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Press Release

Amarillo Man Sentenced to 240 Months in Federal Prison on Child Pornography Conviction

For Immediate Release
U.S. Attorney's Office, Northern District of Texas

AMARILLO, Texas — Alexander Jimenez, III, of Amarillo, Texas, was sentenced today by U.S. District Judge Mary Lou Robinson to 240 months (20 years) in federal prison following his guilty plea in August 2015 to one count of receiving a visual depiction of a minor engaging in sexually explicit conduct, announced U.S. Attorney John Parker of the Northern District of Texas.

Following the sentencing, Judge Robinson remanded Jimenez, 28, into custody.

According to documents filed in the case, U.S. Immigrations and Customs Enforcement’s (ICE) Homeland Security Investigations (HSI) and the Amarillo Police Department began the investigation after APD received information that an individual, later identified as Jimenez, had uploaded images of child pornography.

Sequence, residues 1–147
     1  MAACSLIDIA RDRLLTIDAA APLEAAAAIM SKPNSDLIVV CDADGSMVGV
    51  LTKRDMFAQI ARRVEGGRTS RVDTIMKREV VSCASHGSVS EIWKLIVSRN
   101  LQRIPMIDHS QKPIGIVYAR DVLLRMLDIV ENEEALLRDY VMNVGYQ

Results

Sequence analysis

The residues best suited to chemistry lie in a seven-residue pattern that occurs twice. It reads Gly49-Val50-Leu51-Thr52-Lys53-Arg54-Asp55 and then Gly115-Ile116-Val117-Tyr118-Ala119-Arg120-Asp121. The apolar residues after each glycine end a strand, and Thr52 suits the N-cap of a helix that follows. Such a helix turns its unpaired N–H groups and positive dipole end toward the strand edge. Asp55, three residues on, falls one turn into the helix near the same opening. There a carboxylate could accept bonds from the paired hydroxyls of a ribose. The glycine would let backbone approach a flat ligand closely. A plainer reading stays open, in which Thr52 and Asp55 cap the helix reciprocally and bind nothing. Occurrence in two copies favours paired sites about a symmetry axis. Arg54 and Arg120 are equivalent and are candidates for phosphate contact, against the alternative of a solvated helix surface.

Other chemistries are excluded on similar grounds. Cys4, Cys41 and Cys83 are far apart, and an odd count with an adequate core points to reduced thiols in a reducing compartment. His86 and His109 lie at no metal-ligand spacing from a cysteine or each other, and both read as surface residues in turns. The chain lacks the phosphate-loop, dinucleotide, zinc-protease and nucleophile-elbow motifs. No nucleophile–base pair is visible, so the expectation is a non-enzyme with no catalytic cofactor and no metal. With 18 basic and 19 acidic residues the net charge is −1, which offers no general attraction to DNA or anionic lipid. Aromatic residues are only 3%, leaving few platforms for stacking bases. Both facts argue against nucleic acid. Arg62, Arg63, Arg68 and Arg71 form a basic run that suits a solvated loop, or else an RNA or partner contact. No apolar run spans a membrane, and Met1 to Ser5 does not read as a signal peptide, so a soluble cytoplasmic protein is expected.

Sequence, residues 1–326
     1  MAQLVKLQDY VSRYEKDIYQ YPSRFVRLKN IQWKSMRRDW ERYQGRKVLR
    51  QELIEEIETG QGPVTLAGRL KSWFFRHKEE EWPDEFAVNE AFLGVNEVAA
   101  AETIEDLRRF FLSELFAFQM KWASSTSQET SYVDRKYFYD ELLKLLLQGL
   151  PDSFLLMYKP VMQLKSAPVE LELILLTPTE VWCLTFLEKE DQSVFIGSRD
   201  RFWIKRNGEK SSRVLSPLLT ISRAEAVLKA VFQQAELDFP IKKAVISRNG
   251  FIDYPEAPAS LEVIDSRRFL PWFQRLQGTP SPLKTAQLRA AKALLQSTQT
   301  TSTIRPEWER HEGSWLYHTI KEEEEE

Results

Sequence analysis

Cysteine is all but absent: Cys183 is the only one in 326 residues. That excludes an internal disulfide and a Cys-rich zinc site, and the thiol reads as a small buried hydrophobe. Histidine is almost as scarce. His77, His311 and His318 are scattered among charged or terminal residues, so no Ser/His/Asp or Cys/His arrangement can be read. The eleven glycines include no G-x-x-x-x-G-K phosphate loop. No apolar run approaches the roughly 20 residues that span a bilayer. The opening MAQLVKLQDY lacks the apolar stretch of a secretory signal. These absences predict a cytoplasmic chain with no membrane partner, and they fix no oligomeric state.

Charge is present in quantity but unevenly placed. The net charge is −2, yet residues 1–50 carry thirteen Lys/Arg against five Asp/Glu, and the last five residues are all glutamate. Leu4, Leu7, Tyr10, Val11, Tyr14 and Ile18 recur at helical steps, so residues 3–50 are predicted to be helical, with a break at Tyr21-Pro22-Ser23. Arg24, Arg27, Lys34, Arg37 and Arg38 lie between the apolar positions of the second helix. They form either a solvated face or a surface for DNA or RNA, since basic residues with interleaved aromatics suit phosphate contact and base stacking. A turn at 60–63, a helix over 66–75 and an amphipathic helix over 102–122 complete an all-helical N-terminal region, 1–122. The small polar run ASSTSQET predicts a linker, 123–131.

In early February 2014, a search warrant was executed at Jimenez’s residence and a laptop computer, located in Jimenez’s bedroom, was seized.  A forensic analysis of that computer revealed that it contained approximately 4,389 images, and 291 videos, of child pornography.

Jimenez admitted using the computer to receive, trade and view child pornography.  He admitted sharing more than 1,000 files of child pornography on the Internet.

The case was brought as part of Project Safe Childhood, a nationwide initiative, which was launched in May 2006 by the Department of Justice, to combat the growing epidemic of child sexual exploitation and abuse.  Led by U.S. Attorney’s Offices and the Criminal Division’s Child Exploitation and Obscenity Section, Project Safe Childhood marshals federal, state and local resources to better locate, apprehend and prosecute individuals, who sexually exploit children, and identify and rescue victims.  For more information about Project Safe Childhood, please visit  For more information about internet safety education, please visit and click on the tab “resources.”

Assistant U.S. Attorney Joshua Frausto prosecuted the case.

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Updated January 22, 2016

Project Safe Childhood